LPR was initially reported in 1968 by Cherry and Margulies [2]. Since that time, the association of LPR with other medical conditions has been recognized. This association encompasses chronic pharyngitis [11], obstructive sleep apnea [12], chronic rhinosinusitis [1315], and asthma [16]. Furthermore, the awareness of LPR as an airway disease has grown [3, 17]. However, one of the most common airway diseases in the world is allergic rhinitis (AR). AR is defined as an inflammatory process that occurs in the nasal mucosa that is stimulated by exposure to allergens [18]. It is a common disease all over the world. The prevalence of AR continues to increase worldwide. AR usually occurs with other allergic diseases. A report released by the World Health Organization reveals that up to 40% of the world’s population has one or more allergic conditions [19]. Extensive studies are trying to elucidate the prevalence and risk factors of AR. Unfortunately, no specific estimation for AR among the world’s population has been released. One trial that estimated the prevalence of the disease demonstrated that 21% of 3,001 French people were diagnosed with AR. Abdul Rahman et al. conducted a survey on 501 Middle Eastern individuals and found that 10% of the respondents were diagnosed with AR [20]. This disease can occur in all age groups. The worldwide concern came from the finding that AR is a common risk factor for several airway conditions [21]. AR can manifest as nasal pruritus, sneezing, rhinorrhea, postnasal drip, nasal congestion, sore throat, globus sensation, throat cleaning, and dysphonia [22, 23]. Hence, LPR and AR/AL are somehow interrelated to each other in terms of clinical presentations. In addition there is a gap in the available knowledge to identify the relationship between these two conditions. In this study, we are aiming to explore the associations between the LPR and AR/AL.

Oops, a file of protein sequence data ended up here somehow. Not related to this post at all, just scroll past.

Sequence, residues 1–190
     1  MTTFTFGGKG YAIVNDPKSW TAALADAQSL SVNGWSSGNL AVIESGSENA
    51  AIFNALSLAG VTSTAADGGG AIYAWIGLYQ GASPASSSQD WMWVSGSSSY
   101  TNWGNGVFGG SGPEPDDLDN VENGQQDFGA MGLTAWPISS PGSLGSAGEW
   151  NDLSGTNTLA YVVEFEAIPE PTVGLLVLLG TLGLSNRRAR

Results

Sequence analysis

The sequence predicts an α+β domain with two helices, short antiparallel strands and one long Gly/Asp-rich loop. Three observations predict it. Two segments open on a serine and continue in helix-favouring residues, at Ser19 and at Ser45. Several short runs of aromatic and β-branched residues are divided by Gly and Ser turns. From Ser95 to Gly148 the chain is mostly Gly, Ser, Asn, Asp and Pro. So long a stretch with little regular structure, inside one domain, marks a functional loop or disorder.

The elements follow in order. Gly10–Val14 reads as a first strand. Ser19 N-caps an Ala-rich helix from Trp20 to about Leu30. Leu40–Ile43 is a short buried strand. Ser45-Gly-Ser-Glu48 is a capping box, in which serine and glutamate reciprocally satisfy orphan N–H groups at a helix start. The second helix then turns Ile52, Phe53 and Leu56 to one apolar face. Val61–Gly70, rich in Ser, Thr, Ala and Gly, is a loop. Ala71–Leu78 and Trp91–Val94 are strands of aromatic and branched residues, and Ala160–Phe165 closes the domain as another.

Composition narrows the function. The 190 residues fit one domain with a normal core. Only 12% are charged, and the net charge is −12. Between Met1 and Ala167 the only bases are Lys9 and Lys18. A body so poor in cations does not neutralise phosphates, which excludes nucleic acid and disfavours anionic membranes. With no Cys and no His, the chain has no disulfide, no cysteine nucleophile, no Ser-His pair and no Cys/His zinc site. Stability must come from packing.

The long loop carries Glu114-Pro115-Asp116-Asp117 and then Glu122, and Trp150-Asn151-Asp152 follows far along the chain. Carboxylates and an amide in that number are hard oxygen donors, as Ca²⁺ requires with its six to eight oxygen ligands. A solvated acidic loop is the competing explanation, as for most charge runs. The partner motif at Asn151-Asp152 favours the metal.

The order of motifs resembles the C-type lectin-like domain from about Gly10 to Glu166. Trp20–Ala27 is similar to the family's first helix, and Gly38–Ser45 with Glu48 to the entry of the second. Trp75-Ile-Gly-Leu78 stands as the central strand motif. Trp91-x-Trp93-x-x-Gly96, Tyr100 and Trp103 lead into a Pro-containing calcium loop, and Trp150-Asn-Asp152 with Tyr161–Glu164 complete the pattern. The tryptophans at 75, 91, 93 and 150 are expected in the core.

2. Patients and Methods

This study is considered observational and analytical and was carried out in the reflux clinic at the otolaryngology department. A total of one hundred twenty-six patients who presented to the clinic with symptoms suggestive of LPR were included in the study. Patients filled up the SFAR questionnaire to assess their allergic rhinitis status. In addition, all patients underwent 24-hour oropharyngeal pH monitoring to detect the presence of LPR.